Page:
OTTAWA - Federal ministers got an earful from the provinces over lack of money for justice programs, says a summary of their recent national meeting in Regina.
Provincial and territorial ministers responsible for justice and public safety raised concerns about funding cuts and a lack of long-term cash commitments, notes the federal communique.
They singled out the Youth Justice Services Funding Program and the Aboriginal Justice Strategy. Ministers also asked for more money for criminal legal aid, police recruitment and First Nations policing.
In addition, they requested "adequate notice and enhanced consultation" about the coming into force of federal crime bills — which can place an administrative burden on provinces.
Earlier this year, Parliament passed the federal omnibus crime bill, which imposes stiffer sentences for sexual offences against children, ushers in mandatory minimum sentences for drug crimes and toughens penalties for violent young offenders.
It also ends house arrest for many crimes and forces people to wait longer for a criminal pardon.
The meeting wrapped up last Thursday but the summary was not issued until late Tuesday, just as many eyes turned to the U.S. election results.
The account provides a glimpse at simmering tensions between the two levels of government at a time when provinces are being asked to juggle various justice-related demands.
"Provincial and territorial ministers raised concerns about the federal funding reductions and lack of long-term commitment to maintain various cost-sharing programs," says the communique.
They also asked that the federal government consult them when cuts are being considered.
"We had a good discussion with the federal government," Saskatchewan Justice Minister Gordon Wyant said Wednesday. "I think they understand what some of our issues are."
Last summer the government trimmed more than $35 million — or 20 per cent — from the youth justice funding program.
The meeting summary says provincial ministers asked for "long-term, sustainable and adequate funding" for First Nations policing, highlighting the program's benefits for aboriginal communities. Territories asked to be included in the program.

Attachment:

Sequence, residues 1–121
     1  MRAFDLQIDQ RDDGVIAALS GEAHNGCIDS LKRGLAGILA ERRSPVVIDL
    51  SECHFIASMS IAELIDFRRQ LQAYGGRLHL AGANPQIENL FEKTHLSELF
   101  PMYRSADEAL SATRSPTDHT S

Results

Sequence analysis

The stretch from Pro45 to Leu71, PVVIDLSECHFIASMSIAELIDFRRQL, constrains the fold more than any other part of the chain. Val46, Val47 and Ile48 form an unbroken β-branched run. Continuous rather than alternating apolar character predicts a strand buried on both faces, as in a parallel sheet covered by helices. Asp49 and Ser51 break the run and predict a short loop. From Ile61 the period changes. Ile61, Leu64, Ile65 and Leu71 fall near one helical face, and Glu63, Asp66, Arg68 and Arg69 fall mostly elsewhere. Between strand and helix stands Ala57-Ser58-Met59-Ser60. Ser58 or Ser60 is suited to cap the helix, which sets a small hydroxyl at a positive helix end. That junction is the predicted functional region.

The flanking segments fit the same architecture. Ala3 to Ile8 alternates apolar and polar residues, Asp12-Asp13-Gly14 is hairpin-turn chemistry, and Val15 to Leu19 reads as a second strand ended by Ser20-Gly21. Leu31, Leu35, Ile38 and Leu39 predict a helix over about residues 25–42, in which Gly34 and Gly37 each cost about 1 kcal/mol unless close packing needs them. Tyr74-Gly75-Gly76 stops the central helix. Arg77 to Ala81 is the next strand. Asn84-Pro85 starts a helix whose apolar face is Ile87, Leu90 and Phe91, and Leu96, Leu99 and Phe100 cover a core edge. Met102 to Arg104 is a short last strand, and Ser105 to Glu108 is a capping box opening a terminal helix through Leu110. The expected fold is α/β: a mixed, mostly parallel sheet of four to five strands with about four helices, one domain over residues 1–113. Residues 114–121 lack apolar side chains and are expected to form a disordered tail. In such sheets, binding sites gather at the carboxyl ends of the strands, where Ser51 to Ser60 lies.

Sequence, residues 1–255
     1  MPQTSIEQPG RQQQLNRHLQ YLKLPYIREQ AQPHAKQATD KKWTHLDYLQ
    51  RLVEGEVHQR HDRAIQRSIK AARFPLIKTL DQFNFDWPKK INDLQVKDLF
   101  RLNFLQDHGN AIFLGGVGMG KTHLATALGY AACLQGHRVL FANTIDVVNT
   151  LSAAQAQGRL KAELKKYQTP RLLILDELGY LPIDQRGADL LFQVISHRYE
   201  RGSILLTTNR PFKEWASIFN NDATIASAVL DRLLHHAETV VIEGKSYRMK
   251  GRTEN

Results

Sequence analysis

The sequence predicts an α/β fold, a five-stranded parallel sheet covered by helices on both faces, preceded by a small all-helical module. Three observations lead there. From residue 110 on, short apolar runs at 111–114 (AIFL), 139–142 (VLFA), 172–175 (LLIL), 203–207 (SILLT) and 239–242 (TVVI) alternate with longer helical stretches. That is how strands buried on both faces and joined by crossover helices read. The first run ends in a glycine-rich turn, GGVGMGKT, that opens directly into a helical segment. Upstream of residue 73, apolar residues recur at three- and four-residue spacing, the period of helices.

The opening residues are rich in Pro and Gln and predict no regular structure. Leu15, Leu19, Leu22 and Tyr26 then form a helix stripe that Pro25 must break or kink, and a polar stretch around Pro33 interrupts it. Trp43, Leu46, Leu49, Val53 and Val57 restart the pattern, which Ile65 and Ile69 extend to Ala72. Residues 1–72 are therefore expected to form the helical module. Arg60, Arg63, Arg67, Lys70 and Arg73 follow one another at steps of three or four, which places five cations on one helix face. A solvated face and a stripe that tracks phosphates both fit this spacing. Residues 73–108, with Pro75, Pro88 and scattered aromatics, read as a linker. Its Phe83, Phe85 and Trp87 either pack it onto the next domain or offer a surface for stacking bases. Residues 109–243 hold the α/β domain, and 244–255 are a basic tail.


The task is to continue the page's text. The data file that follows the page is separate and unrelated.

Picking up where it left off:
In addition, ministers sought an extension of the $400-million Police Officers Recruitment Fund, due to expire in March, citing concerns about public safety, says the summary. The fund, initiated in 2008, was intended to put up to 2,500 more officers on the beat.
The government said it would provide "further information on the future direction and funding" of the aboriginal policing program "as soon as it becomes available."
But it said there are no plans to renew the one-time funding for the police recruitment fund.
"A number of provinces talked about how important the First Nations policing policies were, and how we wanted to see additional funding in those areas," Wyant said.
"I think the federal ministers certainly did hear us when we talked about those."
Provincial ministers also asked the federal government to consider increased penalties for impaired driving, particularly crimes involving repeat offenders, serious injury or death, says the summary.
They also discussed challenges for police with medical marijuana grow operations, adds the communique. They were told that Health Canada is considering changes to regulations including a possible new supply and distribution system that would use only licensed commercial producers.
The ministers also:
— Directed senior officials to identify possible gaps in the Criminal Code on cyber-bullying and the non-consensual distribution of intimate images;
— Expressed support for proposed changes to the bail regime;
— Agreed to look at reforming preliminary inquiries, which Alberta, for one, sees as a waste of time and money in many cases;
— Discussed concerns about prosecutions involving workplace fatalities and injuries;
— Examined ongoing efforts to address the long-standing issue of missing and murdered aboriginal women and girls.